The Far Off 22nd Century Way

An imaginary conversation between two singing students in 2110.

Mary Jo was speaking to Charlene.

“Gee, I just read that in the old days all training for singing was called “classical”. Everyone studied the kinds of sounds that people make in arts songs or operas no matter what kind of music they wanted to sing! Isn’t that WEIRD?”

Charlene answered, “Yeah. I heard that they said that if you sang rock or gospel music you were told it would ruin your voice and that learning to sing opera would let you be ready to sing things like R & B. My mom even told me that singing teachers used to argue about this stuff ’cause no one really understood how many different kinds of sounds a person’s voice could produce. I’m really glad we don’t live back there in the 20 teens!”

Mary Jo continued “My mom also said that when her grandmother was young operas weren’t amplified at all and that singers sang without any kind of mikes. She said her grandmother remembered when her mother went to the opera and the opera orchestra didn’t have any electronic instruments in it or any kind of effects from a sound engineer. Her Granny told her that her mom went to lots of operas in New York at the Metropolitan Opera where people sang like this all the time. Isn’t that incredible? How do you think they did that? I think that was when they showed the first television broadcasts on big screens to people in theaters and on the street in New York City. That was before everyone had a portable TV they could wear on their wrist to see and hear anything they want at any time. It must have been a strange way to live, you know?”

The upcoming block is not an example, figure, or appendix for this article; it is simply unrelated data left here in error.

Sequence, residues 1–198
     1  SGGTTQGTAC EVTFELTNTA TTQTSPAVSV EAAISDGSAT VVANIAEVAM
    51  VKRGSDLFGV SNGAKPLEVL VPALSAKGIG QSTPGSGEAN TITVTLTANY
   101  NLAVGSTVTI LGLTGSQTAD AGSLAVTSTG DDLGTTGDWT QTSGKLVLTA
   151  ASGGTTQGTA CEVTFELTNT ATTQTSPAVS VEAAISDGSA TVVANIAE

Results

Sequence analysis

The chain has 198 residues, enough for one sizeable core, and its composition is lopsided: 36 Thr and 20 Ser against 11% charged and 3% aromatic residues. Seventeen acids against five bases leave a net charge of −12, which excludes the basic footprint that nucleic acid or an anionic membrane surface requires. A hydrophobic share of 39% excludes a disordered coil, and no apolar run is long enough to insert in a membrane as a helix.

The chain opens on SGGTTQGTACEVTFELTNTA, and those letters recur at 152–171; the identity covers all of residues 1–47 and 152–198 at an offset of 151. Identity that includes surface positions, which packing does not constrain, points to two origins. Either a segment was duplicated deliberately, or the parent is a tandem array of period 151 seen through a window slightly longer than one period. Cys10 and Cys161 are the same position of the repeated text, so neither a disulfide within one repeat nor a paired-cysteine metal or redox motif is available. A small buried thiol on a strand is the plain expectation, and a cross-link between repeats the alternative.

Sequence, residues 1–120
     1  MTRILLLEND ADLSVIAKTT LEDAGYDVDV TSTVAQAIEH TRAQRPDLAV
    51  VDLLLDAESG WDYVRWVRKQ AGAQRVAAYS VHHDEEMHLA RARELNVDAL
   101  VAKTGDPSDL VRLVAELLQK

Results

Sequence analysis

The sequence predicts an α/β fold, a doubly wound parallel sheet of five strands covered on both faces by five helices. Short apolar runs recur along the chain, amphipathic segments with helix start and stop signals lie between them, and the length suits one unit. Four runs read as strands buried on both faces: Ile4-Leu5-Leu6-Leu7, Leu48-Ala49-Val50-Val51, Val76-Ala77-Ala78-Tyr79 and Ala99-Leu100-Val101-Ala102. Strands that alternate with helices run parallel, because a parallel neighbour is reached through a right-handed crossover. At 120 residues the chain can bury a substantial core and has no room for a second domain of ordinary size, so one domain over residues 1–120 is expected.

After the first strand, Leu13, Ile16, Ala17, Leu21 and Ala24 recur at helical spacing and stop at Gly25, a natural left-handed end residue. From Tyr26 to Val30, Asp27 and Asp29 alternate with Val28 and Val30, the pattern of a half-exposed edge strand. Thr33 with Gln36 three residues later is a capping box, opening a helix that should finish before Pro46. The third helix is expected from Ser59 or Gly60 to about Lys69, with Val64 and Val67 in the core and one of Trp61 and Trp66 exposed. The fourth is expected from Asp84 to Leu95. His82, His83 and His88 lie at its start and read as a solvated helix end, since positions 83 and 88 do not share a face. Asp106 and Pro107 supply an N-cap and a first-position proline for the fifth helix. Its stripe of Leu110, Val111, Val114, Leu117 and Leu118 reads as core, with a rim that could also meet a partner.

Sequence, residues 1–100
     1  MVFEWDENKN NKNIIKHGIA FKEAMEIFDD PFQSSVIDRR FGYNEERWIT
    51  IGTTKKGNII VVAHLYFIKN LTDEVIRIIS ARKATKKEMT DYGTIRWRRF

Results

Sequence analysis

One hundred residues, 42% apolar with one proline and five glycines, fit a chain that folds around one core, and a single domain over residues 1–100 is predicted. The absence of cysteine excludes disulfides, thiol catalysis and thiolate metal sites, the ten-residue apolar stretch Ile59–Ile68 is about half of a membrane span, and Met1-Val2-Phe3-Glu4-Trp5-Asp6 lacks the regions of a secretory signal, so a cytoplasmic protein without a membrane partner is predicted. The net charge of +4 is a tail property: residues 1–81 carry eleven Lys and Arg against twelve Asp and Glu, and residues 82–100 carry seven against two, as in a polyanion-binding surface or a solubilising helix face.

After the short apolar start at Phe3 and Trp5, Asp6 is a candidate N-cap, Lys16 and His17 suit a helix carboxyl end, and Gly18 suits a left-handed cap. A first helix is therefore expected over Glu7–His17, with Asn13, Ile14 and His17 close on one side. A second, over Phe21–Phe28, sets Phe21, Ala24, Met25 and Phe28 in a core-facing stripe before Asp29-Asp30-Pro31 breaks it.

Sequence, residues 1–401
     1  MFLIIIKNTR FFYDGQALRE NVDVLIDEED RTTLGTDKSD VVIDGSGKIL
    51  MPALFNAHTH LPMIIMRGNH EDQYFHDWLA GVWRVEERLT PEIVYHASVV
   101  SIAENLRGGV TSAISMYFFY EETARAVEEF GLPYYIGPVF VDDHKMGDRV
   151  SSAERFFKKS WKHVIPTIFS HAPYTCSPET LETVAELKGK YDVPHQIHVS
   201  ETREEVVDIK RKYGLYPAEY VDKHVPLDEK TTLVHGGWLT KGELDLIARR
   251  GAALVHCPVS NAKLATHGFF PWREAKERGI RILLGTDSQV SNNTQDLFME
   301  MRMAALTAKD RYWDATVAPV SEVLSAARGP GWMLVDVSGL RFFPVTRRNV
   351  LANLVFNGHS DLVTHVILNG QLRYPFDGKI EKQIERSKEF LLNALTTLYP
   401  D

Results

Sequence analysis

Charlene continued. “I did a report last year on schools back then. I found out that if you went to college (of course that was before we could all take college courses at home on line) you had to study all kinds of things that were required that didn’t really have anything to do with what you needed to learn so you could go out and get a job singing after school was done. You had to take sight-singing and music theory if you wanted to be in music theater but not necessarily get dancing, and you had to study acting in drama school but maybe they wouldn’t give you singing lessons, or if you wanted to be a rock singer and learn to play a guitar, they probably wouldn’t give you singing lessons at all, or teach you how to perform on stage. The training was all mixed up and there were no schools where you could get a college degree studying all the things in one place that were practical, necessary and important, but related to whatever kind of singing and music you wanted to do. Lots of people had to study “classical” singing to get a degree when that wasn’t what they wanted to sing at all. A lot of the teachers were teaching things they couldn’t do themselves and hadn’t studied either. How wacky is that??”

“Wow,” Mary Jo replied, “I had no idea. I guess that’s why they call it the Dark Ages of Singing Training. I’m so glad it’s not like that now, where you can study anything you need to at any time with any kind of teacher just by getting on your computer. It’s so simple. Like, you know, you can study Japanese with a Japanese teacher in Japan while sitting in your own kitchen. Imagine back then when most people had to go to a school in a building sometimes far away, and go outside even when it was snowing. Yuk.”

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